Newfoundland and Labrador capable of drugged-driving enforcement: police, MADD

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New penalties under provincial Highway Traffic Act coming ahead of legal cannabis.

A significant aspect of dealing with legalized cannabis for recreational use is tied to policing and enforcement.

There is already a ban on drug-impaired driving under the Criminal Code of Canada, as RNC Const. Karen Didham noted while speaking with reporters about cannabis Monday at the Confederation Building.

Didham is a certified drug recognition evaluator — a key part of investigating those cases where there is possible driving under the influence of drugs.

“I’ve been testing specifically for drug-impaired driving for the last 12 years,” she said, explaining it begins when police have reason to believe a driver might have been exposed to drugs.

Roadside, police can conduct a standard field sobriety test. That test can elevate the suspicion to probable grounds to say a person could be impaired. A new saliva swab, able to detect cannabis use (though not the level of exposure), is in the works for roadside as well. It still has to be approved and procured by the federal government.

From that point roadside, police conduct a 12-step drug recognition evaluation (DRE) at the nearest detachment or designated testing location. The steps include an interview, to determine if a medical condition might be involved, but also to check for physical indicators, including tests of pupil reactions and co-ordination. The tests end not only with an opinion on impairment, but with the police officer suggesting what class of drug might be involved in the case.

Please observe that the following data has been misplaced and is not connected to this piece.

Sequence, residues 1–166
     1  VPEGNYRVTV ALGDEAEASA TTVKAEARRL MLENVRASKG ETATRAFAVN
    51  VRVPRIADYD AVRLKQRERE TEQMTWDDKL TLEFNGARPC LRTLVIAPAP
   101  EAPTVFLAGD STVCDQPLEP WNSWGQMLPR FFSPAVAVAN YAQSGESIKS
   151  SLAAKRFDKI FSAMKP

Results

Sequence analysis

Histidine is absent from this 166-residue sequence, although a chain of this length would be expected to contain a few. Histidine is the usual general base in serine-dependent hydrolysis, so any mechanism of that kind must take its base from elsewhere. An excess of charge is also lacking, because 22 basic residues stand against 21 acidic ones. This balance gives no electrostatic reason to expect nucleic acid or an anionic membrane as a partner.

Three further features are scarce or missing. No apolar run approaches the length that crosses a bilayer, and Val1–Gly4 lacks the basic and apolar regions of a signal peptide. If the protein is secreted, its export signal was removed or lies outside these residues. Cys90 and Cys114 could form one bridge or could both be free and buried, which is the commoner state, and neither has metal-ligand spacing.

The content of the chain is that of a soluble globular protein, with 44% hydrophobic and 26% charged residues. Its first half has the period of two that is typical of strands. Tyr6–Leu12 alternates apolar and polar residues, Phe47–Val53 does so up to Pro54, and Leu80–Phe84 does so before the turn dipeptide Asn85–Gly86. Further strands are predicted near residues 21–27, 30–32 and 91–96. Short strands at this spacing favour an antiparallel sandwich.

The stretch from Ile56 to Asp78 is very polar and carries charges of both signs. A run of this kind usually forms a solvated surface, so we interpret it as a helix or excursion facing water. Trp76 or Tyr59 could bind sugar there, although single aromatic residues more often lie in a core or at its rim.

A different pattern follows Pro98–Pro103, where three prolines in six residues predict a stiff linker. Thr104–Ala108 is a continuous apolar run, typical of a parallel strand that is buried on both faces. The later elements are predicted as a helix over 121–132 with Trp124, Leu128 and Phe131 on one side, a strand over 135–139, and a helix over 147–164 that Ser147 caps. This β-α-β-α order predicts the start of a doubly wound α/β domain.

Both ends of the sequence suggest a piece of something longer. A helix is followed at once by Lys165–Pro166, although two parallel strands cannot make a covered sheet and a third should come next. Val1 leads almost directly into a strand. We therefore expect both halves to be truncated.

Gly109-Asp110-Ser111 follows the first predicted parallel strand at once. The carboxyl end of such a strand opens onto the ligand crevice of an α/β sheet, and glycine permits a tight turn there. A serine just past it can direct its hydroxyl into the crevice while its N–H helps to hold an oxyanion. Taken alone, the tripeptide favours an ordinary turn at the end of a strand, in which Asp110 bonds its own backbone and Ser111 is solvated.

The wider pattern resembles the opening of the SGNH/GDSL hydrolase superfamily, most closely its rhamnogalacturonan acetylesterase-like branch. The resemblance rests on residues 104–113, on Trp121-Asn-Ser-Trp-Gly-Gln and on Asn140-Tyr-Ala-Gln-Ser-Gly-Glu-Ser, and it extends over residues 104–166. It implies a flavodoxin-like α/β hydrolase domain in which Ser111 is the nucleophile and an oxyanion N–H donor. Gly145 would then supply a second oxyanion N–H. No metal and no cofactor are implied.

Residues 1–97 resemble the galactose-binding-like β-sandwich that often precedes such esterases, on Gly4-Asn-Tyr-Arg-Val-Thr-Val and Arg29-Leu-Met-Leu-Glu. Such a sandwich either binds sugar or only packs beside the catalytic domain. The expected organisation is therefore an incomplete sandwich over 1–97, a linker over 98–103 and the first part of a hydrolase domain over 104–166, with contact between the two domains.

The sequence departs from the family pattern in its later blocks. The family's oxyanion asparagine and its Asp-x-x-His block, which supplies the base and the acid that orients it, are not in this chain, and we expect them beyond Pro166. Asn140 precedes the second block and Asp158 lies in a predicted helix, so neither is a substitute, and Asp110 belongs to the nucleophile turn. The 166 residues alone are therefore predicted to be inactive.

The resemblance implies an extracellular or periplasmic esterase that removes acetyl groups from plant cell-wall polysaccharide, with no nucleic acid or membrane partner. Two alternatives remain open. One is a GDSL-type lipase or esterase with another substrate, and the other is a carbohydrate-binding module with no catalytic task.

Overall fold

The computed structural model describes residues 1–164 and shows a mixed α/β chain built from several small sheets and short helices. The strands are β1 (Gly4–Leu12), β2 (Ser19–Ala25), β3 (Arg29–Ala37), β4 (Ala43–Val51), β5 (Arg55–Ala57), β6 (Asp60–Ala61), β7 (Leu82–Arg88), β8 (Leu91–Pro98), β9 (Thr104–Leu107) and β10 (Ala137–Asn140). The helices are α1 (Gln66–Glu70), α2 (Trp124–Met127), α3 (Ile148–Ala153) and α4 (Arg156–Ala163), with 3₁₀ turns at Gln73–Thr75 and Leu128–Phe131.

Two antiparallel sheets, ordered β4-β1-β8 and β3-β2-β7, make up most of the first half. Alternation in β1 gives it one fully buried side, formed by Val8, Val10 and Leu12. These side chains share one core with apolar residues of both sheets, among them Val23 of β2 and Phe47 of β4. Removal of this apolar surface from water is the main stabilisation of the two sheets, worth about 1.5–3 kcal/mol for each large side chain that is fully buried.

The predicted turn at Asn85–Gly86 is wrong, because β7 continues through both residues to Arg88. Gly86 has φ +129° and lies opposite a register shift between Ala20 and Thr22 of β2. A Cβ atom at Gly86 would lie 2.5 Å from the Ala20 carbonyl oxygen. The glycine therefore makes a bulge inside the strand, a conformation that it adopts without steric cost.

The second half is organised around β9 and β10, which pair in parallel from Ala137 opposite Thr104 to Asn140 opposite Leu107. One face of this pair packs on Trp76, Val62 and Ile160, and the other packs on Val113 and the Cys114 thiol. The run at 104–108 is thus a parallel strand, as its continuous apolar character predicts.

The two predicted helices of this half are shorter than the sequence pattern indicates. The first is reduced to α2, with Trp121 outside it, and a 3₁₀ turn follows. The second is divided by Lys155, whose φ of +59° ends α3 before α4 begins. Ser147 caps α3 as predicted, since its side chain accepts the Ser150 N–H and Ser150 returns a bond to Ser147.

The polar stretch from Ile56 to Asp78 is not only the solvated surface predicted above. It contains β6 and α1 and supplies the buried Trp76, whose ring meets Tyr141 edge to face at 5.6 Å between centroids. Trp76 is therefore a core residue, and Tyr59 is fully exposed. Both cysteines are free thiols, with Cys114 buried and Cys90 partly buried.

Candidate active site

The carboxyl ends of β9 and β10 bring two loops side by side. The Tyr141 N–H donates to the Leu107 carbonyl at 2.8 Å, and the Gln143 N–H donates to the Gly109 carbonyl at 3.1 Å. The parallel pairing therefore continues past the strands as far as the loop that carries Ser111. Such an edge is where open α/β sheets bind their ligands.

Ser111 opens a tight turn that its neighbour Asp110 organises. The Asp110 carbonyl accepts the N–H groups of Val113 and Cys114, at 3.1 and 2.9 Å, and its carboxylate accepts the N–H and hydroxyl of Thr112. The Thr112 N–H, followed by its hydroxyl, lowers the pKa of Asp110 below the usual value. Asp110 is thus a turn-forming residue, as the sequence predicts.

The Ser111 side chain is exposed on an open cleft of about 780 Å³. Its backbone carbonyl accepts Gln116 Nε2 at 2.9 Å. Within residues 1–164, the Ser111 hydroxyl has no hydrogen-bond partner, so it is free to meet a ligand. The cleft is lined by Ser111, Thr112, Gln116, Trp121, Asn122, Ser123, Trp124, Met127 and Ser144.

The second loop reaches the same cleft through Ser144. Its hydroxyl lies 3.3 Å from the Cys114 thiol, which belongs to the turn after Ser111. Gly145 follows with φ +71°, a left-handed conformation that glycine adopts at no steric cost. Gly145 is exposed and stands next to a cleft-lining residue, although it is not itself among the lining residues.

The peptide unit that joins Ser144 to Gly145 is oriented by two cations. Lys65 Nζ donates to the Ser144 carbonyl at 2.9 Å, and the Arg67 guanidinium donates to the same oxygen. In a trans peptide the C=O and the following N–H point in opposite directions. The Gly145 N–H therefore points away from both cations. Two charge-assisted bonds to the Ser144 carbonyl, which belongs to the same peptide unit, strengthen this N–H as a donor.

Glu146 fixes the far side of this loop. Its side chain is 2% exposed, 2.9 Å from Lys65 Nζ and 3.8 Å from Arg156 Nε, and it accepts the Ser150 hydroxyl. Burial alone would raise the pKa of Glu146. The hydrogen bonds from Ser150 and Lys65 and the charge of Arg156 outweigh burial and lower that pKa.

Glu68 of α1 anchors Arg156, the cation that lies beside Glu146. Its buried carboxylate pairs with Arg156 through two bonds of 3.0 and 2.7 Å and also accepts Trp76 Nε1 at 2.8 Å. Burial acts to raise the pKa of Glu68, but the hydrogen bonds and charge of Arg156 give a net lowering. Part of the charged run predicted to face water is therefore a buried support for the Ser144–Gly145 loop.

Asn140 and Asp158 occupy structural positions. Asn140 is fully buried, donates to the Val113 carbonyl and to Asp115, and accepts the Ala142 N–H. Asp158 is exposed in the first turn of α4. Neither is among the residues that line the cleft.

“After we have formulated the grounds to believe they are in fact impaired by a drug, we would make a demand for urine or blood,” Didham said.

  1. test of bodily fluid could determine the THC levels involved in the case of cannabis and marijuana use — a significant step, given federal law demands stiffer penalties in cases of higher THC levels, or for mixtures of THC and alcohol.

These fluid sample tests have to go through the RCMP crime lab and can take months to return results, but in cases reaching even the level of a failed field sobriety test or DRE, the province’s Highway Traffic Act will allow a driver’s vehicle to be immediately impounded for seven days.

A refusal to submit to testing will result in a 30-day vehicle impoundment, mirroring the approach to alcohol.

When laboratory results come back (months after the fact, with future estimates varied), there will be a 90-day provincial suspension from driving, under proposed Highway Traffic Act amendments, atop existing Criminal Code penalties.

MADD Canada president Patricia Hynes-Coates said she’s pleased with what’s set out for the province and doesn’t question the ability for police to determine if someone is impaired.

“The DREs have been doing a phenomenal job for the last X number of years here in our province and I think once they’re provided with a tool such as the saliva test, which will be passed, hopefully, shortly through (federal) Bill C-46, we are hoping that that’ll just provide a guarantee they are going to be able to get the people who are impaired off the roads,” she said, also speaking to reporters, after the new provisions under the Highway Traffic Act were revealed by Justice Minister Andrew Parsons.

Hynes-Coates said alcohol-related deaths resulting from drunk driving are on the decline in Canada, but drugs are another issue altogether.

“We tell you if you’ve smoked something, don’t drive for at least four hours. We would like to see you have zero tolerance,” she said, noting existing ad campaigns against driving after being exposed to drugs.

“We don’t want to see you get out on the roadway and injure or kill somebody. And from someone who’s buried a loved one, please don’t do that.”

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